Power utility inks agreements to reduce distribution lossesThe electricity authority will either reward or punish the chiefs in line with their centre’s result in reducing distribution losses.
A month after announcing an ambitious target of reducing electricity distribution losses to 8.5 percent from the existing 11.28 percent within a year, the Nepal Electricity Authority has started signing work execution agreements, prioritising reduction of such losses, with the chiefs of its distribution centres.
In a first, the state-owned power utility has signed the agreements with 24 distribution centres which oversee the power grid of Province 1.
Over 1 million households rely on the power utility’s electricity service in Province 1 with distribution loss measured at 12.5 percent, fourth-highest among the seven provinces.
The move, according to the power utility, has been taken to reduce distribution losses, slashing the bill collection cycle, downsize operational expenses and improve the reliability of electricity service.
The power utility has also laid plans to sign such agreements with all distribution centres under its seven provincial and two-division offices.
“An objective evaluation of the performance of distribution centre chiefs based on the aforementioned targets will be carried out at the end of each fiscal year and the utility will reward or punish the chiefs in line with the result,” said Nepal Electricity Authority.
This has come a month after the power utility issued circulars to its provincial offices, distribution centres and division offices to keep tabs on electricity pilferage, upgrade the capacity of transformers and balance the power load.
Out of total available 7551.23 gigawatt hours of energy, the country witnessed leakage of 851.7 gigawatt hours of electricity owing to distribution losses in the fiscal year 2018-19.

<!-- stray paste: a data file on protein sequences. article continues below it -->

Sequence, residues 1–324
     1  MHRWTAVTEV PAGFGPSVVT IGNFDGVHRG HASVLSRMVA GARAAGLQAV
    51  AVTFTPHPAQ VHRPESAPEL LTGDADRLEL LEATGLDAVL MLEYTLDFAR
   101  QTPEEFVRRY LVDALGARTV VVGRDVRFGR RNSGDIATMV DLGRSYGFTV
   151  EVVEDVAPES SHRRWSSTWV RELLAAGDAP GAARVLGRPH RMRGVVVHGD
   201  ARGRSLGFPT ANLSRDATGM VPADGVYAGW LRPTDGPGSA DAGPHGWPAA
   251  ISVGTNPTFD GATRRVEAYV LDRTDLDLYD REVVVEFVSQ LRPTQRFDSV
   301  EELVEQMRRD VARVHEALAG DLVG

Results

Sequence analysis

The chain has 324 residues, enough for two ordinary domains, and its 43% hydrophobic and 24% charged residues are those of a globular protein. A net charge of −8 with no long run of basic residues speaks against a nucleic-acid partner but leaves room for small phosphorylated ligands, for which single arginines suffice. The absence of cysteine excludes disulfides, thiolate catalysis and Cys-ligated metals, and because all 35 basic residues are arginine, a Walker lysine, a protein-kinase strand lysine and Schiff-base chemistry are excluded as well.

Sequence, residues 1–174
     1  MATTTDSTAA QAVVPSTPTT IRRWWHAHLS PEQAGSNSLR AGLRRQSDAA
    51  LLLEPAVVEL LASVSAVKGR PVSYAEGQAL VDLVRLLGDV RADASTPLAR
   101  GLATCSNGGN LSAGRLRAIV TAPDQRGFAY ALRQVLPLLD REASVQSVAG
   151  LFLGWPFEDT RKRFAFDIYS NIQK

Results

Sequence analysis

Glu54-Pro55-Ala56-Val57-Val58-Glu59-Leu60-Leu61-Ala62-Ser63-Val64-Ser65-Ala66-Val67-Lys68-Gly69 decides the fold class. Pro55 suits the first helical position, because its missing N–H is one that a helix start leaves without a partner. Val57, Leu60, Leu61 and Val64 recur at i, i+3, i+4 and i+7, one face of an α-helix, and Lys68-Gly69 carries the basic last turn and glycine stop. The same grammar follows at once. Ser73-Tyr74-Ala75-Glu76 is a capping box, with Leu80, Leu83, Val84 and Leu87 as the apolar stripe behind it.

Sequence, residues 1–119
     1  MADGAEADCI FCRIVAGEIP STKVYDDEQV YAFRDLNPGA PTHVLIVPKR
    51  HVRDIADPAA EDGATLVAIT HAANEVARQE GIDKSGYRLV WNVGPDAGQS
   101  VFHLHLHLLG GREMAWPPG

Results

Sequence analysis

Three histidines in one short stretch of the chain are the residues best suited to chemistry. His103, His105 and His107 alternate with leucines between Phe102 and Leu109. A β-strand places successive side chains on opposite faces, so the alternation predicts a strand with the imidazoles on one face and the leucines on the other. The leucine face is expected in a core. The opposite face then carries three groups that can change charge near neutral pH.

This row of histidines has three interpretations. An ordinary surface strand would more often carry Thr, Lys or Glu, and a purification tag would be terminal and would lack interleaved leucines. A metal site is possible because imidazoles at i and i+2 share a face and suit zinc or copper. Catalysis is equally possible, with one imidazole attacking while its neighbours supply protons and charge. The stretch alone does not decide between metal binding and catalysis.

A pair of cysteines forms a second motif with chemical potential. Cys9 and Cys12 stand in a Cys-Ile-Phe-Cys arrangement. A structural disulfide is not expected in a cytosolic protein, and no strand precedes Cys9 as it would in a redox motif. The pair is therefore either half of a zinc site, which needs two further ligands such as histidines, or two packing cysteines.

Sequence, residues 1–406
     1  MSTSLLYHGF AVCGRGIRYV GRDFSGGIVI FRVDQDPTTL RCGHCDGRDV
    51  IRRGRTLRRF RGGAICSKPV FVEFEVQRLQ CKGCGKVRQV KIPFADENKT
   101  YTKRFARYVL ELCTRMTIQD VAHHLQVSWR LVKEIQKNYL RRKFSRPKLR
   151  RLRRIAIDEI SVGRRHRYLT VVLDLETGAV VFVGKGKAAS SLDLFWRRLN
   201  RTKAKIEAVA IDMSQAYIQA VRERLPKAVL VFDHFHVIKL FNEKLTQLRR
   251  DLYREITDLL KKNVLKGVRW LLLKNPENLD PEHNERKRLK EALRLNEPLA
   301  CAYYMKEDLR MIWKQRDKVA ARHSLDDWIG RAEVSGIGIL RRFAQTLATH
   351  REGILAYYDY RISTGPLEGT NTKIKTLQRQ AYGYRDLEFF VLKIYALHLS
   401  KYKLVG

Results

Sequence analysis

The lost energy is more than the annual output of Kali Gandaki A hydel scheme, the largest hydel plant in operation which churns out 842-gigawatt hours of electricity annually.
The centres with high distribution losses—Janakpur, Attariya, Nepalgunj, Biratnagar and Butwal—have been given high reduction targets and the distribution centres with low losses—Hetauda, Kathmandu and Pokhara—have received low targets.
According to Kulman Ghising, managing director of the Nepal Electricity Authority, the focus has now shifted to improving the reliability of energy supply, adopting stern governance measures at consumer touchpoints, and enhancing financial discipline at distribution centres.
“We plan to achieve the reduction targets by optimum utilisation of distribution infrastructure in loss-prone areas, upgrading overloaded transformers and coordinating with the local administration to investigate cases of meter tampering and electricity pilferage,” said Ghising. “Actions will be taken against staffers who take advantage of unaware consumers and overstock the centres with meters and transformers in views of financial misappropriation.”
The reduction of distribution losses is considered by energy officials to be a fundamental effort consistent with achieving Sustainable Development Goal 7 (Sustainable Energy for All) as well as Nepal’s Nationally Determined Contributions for the United Nations Framework Convention on Climate Change.
In the past three years, the power utility has been able to reduce transmission and distribution losses to 15.32 percent from 25.78 percent in fiscal 2015-16.
According to the Nepal Electricity Authority, a 10 percent reduction in energy loss resulted in an increase in revenue of Rs7 billion during the review period.